DETROIT – The Lewis College of Business was once the only historically Black college in Michigan until it closed in 2013.
Now, a group led by a prominent business owner and designer is aiming to make the college the first HBCU in the country to ever reopen, but with a new name and mission.
It was announced on Tuesday that pending state legislation, the college would reopen as PENSOLE Lewis College of Business & Design and become the first design-focused HBCU.
It was an announcement filled with emotion from the man behind the idea, Dr. D’Wayne Edwards.
“Today is one of those days, it’s one of those days, once I found out what was possible I didn’t let anyone stop me,” said the Inglewood, California, native as he stood at the podium outside of the college’s building and historic marker.
Edwards is the founder of PENSOLE Design Academy in Portland, Oregon. He’s designed shoes for brands like Asics, New Balance, Nike and Air Jordan. He is now one of the forces behind the brand-new PENSOLE-Lewis College of Business and Design.
“When corporations from other facets of design start to reach out and say ‘Hey can you help us figure out how can we be a more diverse organization’ that was simple,” said Edwards.
The conversation started 11 months ago. Since then, a partnership has developed between him and his academy, the Lewis Family, the City of Detroit, Target, College for Creative Studies and the Gilbert Family Foundation.
Edwards said Black people make up 10% of students in colleges or universities for design. Half of those students drop out because of money. That’s why the goal is to be a tuition-free institution.
“If I can remove that barrier of the finances that kid will have a higher probability of those kids going to college,” he said.
Currently, PENSOLE Academy of Design is tuition free. Corporations sponsor students and their housing, and PLC will have a similar model.
The founder of the original Lewis College of Business, Dr. Violet T. Lewis, started the college in 1928 in Indianapolis then relocated it to Detroit in 1939. Her granddaughter and namesake, Dr. Violet E. Ponders, is excited about the new legacy.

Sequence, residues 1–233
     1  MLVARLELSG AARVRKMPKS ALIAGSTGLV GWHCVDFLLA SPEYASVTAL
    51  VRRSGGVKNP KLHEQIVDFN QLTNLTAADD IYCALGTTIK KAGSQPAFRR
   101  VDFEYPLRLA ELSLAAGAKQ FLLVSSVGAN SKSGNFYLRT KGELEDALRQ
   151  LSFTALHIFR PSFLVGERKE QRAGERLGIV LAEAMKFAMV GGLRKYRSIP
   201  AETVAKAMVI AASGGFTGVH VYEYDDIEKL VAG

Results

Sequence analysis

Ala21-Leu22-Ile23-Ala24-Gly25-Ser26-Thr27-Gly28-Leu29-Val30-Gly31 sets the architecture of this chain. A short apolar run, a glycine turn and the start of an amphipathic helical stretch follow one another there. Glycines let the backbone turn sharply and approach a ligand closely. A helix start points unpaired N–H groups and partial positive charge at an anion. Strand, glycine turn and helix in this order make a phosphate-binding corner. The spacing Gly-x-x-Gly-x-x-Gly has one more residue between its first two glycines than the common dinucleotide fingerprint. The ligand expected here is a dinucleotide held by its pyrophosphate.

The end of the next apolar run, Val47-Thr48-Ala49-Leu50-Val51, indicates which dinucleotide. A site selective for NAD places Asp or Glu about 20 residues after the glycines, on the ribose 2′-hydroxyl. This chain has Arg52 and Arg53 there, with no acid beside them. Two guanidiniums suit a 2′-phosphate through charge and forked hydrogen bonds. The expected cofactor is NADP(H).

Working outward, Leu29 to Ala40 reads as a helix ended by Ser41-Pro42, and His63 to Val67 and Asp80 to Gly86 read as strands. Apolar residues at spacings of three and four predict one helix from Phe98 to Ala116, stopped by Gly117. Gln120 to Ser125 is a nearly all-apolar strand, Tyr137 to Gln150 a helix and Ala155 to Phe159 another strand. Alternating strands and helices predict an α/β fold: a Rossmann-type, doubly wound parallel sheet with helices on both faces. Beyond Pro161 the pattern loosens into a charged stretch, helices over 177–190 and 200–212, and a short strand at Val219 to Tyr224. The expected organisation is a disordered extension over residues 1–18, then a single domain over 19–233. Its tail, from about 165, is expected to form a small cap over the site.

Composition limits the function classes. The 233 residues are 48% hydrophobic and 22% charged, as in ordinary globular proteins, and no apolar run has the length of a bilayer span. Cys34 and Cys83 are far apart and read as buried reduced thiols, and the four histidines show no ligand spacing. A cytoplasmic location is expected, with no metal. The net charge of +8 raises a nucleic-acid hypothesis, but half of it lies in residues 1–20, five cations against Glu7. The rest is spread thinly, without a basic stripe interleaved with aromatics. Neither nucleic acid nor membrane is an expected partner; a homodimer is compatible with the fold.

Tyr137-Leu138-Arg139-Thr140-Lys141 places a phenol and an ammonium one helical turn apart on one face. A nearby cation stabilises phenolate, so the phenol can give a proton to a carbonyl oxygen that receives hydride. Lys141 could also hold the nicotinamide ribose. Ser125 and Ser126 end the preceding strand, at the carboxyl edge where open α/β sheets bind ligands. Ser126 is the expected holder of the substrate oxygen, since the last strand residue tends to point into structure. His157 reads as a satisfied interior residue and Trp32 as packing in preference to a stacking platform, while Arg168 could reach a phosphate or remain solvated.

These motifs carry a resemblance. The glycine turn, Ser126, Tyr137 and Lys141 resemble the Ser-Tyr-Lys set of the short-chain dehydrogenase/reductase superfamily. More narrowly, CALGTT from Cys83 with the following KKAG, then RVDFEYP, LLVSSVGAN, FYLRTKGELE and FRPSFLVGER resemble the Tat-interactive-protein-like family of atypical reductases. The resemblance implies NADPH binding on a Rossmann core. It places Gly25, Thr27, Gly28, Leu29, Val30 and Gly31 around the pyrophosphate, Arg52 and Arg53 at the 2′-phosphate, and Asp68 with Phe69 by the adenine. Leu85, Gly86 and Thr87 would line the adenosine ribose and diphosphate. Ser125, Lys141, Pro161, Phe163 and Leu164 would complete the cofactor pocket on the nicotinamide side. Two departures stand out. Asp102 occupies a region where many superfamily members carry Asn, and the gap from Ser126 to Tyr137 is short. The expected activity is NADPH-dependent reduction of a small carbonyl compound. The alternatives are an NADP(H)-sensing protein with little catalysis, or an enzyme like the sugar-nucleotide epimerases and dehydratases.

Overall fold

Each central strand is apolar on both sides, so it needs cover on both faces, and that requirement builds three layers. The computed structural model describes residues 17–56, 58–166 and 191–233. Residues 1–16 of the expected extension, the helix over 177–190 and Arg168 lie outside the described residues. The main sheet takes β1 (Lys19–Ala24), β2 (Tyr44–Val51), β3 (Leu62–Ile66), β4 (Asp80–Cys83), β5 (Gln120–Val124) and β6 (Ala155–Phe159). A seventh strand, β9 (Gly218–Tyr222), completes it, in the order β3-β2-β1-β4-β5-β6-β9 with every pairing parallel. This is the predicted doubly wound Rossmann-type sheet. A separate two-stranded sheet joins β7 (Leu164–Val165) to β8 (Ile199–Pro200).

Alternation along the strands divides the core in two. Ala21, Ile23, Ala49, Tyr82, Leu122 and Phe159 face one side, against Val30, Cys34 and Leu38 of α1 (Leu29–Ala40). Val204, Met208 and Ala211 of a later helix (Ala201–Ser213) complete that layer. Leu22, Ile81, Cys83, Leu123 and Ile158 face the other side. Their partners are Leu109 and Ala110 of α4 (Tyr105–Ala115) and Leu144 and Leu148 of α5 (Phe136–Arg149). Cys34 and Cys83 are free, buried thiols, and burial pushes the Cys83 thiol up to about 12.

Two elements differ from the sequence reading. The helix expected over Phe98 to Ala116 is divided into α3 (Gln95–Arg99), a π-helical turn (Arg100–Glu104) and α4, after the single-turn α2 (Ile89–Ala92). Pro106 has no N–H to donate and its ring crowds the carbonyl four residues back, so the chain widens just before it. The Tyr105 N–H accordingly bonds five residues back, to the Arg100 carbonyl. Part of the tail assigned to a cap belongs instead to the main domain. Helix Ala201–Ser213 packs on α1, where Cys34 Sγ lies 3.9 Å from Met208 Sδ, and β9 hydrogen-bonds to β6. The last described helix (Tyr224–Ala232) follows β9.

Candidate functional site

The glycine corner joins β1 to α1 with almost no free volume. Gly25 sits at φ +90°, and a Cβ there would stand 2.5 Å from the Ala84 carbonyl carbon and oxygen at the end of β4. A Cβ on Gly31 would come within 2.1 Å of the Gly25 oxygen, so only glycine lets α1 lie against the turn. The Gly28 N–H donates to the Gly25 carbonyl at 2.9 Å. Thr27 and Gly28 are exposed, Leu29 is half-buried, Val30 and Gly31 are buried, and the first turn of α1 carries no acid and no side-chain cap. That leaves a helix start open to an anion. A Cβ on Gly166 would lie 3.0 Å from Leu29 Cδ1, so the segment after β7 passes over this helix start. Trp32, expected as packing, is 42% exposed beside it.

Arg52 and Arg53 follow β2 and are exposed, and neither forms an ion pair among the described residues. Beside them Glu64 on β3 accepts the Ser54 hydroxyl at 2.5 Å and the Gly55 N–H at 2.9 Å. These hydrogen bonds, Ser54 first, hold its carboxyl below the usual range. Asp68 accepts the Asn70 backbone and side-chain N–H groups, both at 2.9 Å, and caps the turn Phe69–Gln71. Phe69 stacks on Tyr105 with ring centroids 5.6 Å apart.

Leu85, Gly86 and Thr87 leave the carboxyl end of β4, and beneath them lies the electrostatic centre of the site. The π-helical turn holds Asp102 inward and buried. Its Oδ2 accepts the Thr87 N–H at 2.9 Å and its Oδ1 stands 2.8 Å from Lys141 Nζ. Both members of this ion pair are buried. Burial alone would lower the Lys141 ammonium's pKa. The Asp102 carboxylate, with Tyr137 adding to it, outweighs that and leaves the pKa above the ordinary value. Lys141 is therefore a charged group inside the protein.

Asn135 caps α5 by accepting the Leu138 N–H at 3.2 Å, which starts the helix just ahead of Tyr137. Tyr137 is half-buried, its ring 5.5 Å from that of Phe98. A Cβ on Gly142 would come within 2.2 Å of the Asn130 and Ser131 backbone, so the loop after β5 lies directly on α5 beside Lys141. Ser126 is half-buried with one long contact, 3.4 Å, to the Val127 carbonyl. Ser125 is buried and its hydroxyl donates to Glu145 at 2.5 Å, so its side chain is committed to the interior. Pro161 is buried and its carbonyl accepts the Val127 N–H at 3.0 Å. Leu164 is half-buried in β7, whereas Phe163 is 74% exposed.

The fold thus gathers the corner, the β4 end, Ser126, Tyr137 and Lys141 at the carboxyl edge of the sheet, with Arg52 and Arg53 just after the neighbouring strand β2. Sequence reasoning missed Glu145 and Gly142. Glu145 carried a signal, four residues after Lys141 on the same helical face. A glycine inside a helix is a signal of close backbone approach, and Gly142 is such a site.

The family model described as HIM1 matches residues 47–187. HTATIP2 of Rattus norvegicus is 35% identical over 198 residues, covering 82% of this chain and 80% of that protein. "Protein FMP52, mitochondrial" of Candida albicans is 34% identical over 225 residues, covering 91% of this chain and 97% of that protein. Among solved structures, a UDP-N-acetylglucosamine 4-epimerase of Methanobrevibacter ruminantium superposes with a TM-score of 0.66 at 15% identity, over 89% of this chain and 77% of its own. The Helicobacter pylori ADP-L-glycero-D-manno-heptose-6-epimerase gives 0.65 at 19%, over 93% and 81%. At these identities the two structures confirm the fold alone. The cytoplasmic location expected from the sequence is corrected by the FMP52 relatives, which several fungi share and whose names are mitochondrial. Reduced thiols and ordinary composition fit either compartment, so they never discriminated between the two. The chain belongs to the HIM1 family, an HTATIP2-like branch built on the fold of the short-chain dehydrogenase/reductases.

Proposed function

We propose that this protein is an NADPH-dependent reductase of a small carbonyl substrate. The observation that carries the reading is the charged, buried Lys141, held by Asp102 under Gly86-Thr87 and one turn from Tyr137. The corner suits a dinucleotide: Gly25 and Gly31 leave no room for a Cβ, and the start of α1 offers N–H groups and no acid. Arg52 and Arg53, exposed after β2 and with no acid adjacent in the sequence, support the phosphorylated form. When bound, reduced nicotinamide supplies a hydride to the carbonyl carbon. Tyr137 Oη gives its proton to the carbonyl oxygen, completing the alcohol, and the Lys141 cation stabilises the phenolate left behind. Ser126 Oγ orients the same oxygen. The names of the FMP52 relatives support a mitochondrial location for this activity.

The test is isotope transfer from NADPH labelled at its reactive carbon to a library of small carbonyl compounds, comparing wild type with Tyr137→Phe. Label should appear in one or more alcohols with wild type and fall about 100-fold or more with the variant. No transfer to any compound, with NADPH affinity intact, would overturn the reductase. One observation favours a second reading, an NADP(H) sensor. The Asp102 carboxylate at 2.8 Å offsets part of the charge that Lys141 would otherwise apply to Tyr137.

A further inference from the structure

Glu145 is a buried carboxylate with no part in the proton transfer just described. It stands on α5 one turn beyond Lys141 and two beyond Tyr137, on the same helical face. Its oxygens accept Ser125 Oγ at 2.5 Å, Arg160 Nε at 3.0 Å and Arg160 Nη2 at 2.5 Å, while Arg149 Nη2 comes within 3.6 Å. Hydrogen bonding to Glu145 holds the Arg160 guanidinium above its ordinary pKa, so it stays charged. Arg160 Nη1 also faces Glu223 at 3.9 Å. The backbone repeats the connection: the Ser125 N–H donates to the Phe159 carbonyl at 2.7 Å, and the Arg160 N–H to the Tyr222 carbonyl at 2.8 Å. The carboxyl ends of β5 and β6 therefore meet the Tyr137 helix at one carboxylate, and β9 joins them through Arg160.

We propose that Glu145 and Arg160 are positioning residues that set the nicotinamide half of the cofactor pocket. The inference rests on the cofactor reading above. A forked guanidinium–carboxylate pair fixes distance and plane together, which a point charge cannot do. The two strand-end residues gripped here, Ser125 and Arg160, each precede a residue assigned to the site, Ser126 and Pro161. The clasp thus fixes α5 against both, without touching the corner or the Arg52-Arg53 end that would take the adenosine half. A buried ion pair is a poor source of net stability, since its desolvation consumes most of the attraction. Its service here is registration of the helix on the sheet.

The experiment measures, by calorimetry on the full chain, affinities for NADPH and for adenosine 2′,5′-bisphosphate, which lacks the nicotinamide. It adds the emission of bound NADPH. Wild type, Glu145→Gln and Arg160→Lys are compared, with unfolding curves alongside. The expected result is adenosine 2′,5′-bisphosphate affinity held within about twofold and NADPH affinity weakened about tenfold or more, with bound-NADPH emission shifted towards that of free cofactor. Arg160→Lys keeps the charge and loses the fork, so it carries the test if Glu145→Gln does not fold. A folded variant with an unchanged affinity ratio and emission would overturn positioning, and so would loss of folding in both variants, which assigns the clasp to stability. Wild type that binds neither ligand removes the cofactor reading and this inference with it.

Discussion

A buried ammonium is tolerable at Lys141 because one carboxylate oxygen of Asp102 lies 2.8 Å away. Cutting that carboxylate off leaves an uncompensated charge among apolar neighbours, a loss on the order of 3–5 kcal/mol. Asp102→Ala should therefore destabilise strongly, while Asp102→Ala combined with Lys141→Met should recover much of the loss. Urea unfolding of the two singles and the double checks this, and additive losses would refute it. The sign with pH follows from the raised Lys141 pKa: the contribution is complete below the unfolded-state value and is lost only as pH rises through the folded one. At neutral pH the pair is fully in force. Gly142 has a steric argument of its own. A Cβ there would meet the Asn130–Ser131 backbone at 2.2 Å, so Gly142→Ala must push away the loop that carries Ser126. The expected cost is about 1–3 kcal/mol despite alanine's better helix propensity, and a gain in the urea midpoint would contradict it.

“They (students) will have an education that is meaningful and that definitely results in employment. That’s what my grandmother was all about,” said Ponders.
She believed her grandmother and mother were there in spirit.
“You feel this wind blowing in this place? You see the apples falling on the tree? All of that I think is her way and my mother’s way of saying, ‘I’m here y’all,’” she said.
After final approval from the state, Edwards wants to start class on Detroit Day, which is March 13.
“The first session will be will be a celebration of Detroit brands,” he said. “I think it’s important for us to understand our history, before we start to bring other people to the party. So we want to ground everything that we do initially into Detroit, and then we’ll start bringing our other partners that are from other parts of the country to Detroit.”
This collaboration is part of the Gilbert Family Foundation’s ongoing $500 million joint commitment to Detroit to drive access to economic and social opportunity and increase equity for the people of Detroit.
For Target, this is part of its Racial Equity Action and Change Strategy, a five-year $100 million commitment to fuel the economic prosperity of Black communities. It started in 2020.
Read back: Historic marker pays tribute to Detroit’s Black Bottom neighborhood